Sustainability Projects

Measure H Energy & Sustainability

Photovoltaic Project

This project will provide 90% of all the electricity used by Petaluma Campus and 35% of all the electricity used at the Santa Rosa Campus. It will reduce the District’s greenhouse gas emissions by 7% and save over $800,000.00 in annual utility costs. 

In Shone Farm, the project is providing 90% of all electricity use. Old panels from Plover Hall have been reused and saving over $25,000.00 in annual utility costs.

SCJCD LED Lighting Upgrade

2000 new LED lights have been installed, improving light quality and classroom environment while savings around $50,000.00 in annually utility costs.  Once all buildings are complete, expected annual utility savings will be $300,000.00.

SCJCD Sub-metering Project

Electricity & gas sub-meters have been installed throughout Public Safety Training Center and Petaluma Campus with Santa Rosa Campus in design. This is best practice for data analytics and building management to further reduce greenhouse gas emissions and building maintenance. It additionally allows for verification of energy saving projects and will allow the District to participate in whole building rebates.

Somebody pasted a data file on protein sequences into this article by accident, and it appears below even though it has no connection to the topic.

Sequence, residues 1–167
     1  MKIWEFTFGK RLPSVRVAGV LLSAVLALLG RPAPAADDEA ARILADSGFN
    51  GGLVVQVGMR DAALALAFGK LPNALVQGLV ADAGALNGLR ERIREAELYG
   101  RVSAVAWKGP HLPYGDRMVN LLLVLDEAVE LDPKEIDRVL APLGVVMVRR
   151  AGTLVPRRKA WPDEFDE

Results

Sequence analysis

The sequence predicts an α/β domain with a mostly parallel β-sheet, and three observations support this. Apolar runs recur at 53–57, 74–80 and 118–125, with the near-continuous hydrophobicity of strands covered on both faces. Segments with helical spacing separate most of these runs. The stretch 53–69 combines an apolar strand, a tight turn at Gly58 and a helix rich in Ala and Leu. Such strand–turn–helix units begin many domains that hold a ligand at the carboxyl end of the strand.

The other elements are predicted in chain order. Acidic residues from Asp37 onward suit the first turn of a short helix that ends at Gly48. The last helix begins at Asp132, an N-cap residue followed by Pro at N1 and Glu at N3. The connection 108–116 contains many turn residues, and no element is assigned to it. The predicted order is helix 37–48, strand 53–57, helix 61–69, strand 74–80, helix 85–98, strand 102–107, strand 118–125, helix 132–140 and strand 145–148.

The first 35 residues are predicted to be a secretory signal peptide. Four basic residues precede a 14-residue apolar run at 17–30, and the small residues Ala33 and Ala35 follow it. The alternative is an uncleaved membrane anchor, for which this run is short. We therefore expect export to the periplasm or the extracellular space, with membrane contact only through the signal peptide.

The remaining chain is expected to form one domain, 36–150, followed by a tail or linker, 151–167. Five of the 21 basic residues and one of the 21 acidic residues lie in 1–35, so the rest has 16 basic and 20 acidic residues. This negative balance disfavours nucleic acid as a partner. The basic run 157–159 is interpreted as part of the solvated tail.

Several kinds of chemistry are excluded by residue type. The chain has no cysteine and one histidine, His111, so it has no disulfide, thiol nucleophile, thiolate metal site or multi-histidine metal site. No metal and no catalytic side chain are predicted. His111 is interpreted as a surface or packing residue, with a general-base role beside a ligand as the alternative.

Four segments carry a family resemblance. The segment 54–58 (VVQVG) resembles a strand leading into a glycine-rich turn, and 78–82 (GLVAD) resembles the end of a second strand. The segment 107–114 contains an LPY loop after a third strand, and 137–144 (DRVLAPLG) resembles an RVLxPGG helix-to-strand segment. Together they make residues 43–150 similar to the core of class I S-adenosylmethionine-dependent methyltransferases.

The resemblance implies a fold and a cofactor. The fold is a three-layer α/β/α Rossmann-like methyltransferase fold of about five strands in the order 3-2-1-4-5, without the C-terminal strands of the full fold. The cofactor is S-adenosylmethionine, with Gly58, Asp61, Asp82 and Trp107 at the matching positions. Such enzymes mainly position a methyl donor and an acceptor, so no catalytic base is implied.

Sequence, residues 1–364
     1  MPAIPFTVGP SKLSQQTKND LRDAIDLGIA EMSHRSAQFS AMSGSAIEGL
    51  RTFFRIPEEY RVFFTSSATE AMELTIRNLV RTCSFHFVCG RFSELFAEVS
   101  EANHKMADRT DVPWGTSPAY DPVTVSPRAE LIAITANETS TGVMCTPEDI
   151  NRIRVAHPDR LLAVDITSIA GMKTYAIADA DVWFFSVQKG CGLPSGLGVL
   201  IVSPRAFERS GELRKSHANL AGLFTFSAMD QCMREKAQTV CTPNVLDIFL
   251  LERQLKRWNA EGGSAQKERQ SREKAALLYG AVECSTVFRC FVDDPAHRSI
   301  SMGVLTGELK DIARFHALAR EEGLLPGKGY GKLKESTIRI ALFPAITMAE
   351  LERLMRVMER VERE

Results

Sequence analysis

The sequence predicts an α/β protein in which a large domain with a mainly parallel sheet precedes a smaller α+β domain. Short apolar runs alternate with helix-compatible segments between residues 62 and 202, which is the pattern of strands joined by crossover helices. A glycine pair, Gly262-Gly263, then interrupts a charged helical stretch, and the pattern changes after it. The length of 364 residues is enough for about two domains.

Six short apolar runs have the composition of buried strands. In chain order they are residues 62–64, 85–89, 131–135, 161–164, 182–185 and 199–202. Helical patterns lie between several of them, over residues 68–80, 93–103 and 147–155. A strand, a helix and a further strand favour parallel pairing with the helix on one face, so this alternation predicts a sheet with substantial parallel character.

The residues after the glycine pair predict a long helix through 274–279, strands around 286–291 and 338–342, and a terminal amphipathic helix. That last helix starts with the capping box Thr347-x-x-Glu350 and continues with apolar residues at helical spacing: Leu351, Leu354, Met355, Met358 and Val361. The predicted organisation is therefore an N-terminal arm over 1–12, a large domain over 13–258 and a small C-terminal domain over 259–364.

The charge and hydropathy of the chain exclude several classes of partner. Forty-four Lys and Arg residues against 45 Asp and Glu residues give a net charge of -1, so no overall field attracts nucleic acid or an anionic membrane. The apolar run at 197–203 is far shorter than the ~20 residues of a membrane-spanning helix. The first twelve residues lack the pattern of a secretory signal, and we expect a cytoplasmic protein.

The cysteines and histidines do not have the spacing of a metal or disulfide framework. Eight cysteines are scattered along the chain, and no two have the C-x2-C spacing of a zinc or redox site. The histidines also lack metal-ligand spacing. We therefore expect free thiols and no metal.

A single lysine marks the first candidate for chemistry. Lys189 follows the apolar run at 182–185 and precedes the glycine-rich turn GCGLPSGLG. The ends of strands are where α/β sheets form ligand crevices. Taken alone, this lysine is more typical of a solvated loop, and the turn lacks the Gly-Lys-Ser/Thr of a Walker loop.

Geothermal Plant Project

Ground temperatures are a constant 55° all year no matter what the weathers like.  Inserting a series of small pipes into the ground allows heat to be transferred to and from buildings. In this process heat is not created, it is transported therefore no fuel is burned.   Over 300 400ft vertical geothermal bores have been installed in Bailey Field to efficiently heat and cool Burbank Theatre, Garcia Hall, Analy Hall and Forsyth Hall.

This project also includes connecting Pioneer Hall to the existing Bertolini Geothermal Field which has extra capacity and connection to future central plant thereby providing redundancy and resiliency to campus infrastructure. Annual utility cost savings of $120,000.00 are expected. Geothermal Plant Project will prevent the college from installing chiller and boiler per building thereby having an estimated payback of 9 years.

Construction is complete on a 330 geothermal exchange field for heating and cooling campus buildings efficiently without fossil fuels. More than 300 400-foot vertical geothermal bores have been installed in Floyd P. Bailey Field to efficiently heat and cool the Luther Burbank Auditorium, A.M. Garcia Hall, Analy Hall and Norton Forsyth Hall. This project also includes connecting Pioneer Hall to the existing Bertolini geothermal field. An important add to this project this year was the connection to the new Quinn Central Plant which will recycle reclaimed water from the various campus ground water wells.

The following are also complete:

  • Installation of 10 buildings with LED Lighting and advance lighting controls 1.2 MW, 2 MWh of battery energy storage system
  • Advance submetering installation at Public Safety Training Center and Petaluma Campus
  • Electrical submetering of Santa Rosa Campus

Quinn Central Plant Project